New Study Identifies Why Accelerated Bone Healing Occurs In Traumatic Brain Injury Patients

By: Arthur D. Leritz, Attorney at Law

Every year, traumatic brain injury (TBI) contributes to a substantial number of deaths and permanent disability.  Often, a traumatic brain injury does not occur in isolation to other traumatic injuries to other parts of the body.  For example, a TBI is often a part of an acute poly-trauma, in which a person suffers multiple serious injuries at once, such as a head injury and fracture to one or more bones in the leg (femur, tibia, fibula) from a car crash.[1]

A September, 2016 study shows a correlation between poly-trauma patients suffering from TBI and bone fractures to a different part of the body actually results in quicker speed of healing for the bone fractures.[2]   This has long been a theory,[3] but now researchers believe they have isolated the cause:  Hypoxia-Inducible factor 1-a (HIF-1a)

How the study was done:

The study was done at a University Hospital over the course of three years and involved 58 patients.  Of those patients, 25 had long bone fractures (femur, tibia or fibula) and were also diagnosed with TBI.  All fractures were treated with surgery.  Serum samples were taken over a period of six months and x-rays were taken at regular intervals.  The researchers found that the group with a diagnosis of long bone fracture and TBI had a shorter time to union of the bone than the other group that did not have TBI.

Here is how the researchers believe why it works:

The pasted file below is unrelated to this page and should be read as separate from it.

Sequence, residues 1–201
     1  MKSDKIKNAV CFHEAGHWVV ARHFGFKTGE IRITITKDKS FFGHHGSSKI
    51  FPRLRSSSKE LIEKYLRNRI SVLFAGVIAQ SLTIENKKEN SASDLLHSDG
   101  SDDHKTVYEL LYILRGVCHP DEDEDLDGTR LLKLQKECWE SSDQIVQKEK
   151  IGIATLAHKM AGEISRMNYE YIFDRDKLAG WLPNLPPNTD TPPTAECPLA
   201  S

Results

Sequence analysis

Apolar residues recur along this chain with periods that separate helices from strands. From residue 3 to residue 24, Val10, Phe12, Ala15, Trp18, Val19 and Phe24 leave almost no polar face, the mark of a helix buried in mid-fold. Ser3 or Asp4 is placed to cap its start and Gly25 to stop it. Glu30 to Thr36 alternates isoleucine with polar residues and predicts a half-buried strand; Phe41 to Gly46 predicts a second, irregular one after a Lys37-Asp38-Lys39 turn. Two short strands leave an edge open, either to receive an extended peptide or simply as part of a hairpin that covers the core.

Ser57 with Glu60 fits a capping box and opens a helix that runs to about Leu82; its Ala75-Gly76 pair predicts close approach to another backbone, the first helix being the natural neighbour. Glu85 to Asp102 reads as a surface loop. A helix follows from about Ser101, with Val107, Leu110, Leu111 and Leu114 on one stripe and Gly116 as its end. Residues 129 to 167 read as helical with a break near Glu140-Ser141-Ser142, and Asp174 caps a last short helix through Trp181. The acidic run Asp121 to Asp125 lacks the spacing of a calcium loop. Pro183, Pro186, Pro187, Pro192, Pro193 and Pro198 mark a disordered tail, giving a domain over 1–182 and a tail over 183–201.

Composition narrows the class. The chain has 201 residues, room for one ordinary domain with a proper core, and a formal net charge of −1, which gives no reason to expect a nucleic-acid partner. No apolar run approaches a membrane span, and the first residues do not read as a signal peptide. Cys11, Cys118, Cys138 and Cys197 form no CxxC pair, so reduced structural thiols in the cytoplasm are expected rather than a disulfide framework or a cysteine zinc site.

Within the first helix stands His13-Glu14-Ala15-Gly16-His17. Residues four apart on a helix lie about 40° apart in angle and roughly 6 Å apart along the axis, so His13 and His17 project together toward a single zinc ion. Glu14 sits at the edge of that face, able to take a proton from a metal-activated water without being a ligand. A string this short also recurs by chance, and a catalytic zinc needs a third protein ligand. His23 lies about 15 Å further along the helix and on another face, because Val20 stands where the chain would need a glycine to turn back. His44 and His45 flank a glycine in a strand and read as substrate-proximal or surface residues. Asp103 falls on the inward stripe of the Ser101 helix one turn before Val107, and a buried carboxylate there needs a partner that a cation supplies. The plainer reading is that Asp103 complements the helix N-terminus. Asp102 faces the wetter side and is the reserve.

During a bone fracture, the local blood vessels that innervate the bone are also immediately severed, causing a hematoma which isolates the area from perfusion.  The healing process begins by increasing a specific set of genes[4] which are responsible for anaerobic energy metabolism and matrix synthesis of the fracture repair process.  These target genes are under strict control of a newly identified transcription factor, hypoxia-inducible factor-1 (HIF-1), which has two sub-parts, a and b.  The researchers believe that the elevated HIF-1a serum levels in the TBI group with fracture was due to the flow of newly formed HIF-1a from the injured brain into the circulatory system from injured neural tissue or as part of a central nervous system response to brain injury.

The researchers did stress that this study alone is not sufficient to draw too many conclusions and that more research is needed with a larger study group to identify the exact mechanism for how the nervous system controls bone remodeling.

The consequences of this study may have an impact on injured poly-trauma patients who also have a personal injury claim, as the presence of TBI may explain an unexpected recovery time from fractures.  While the study confirms a faster bone fracture healing rate for those that also have to endure a traumatic brain injury, it does not in any way suggest that those poly-trauma patients recover faster from the brain injury related symptoms, or other non-fracture poly-trauma injuries, than TBI patients without fractures.

The attorneys at Adler Giersch stay current on medical research that impacts our understanding of trauma and personal injury cases as it allows us to better advocate for our clients. Effective and tough advocacy happens best when we connect the medical-legal worlds on behalf of those with traumatic injuries caused by the negligence or recklessness of others.  If we can assist with a complimentary consultation simply give us a call.


[1] National Hospital Discharge Survey (NHDS), 2010; National Hospital Ambulatory Medical Care Survey (NHAMCS), 2010; National Vital Statistics System (NVSS), 2010. All data sources are maintained by the CDC National Center for Health Statistics.

[2] Sang, et al.  Elevated levels of hypoxia-inducible factor-1α in patients with fracture and concomitant traumatic brain injury.  Annals of Clinical Biochemistry 2016; ACB-16-211.R1.

[3] Bidner SM, Rubins IM, Desjardins JV, et al. Evidence for a humoral mechanism for enhanced osteogenesis after head injury. J Bone Joint Surg Am 1990;72(8):1144-9.

[4] heme oxygenase-1 (HO-1), vascular endothelial growth factor (VEGF), inducible nitric oxide synthetase (iNOS) and leptin.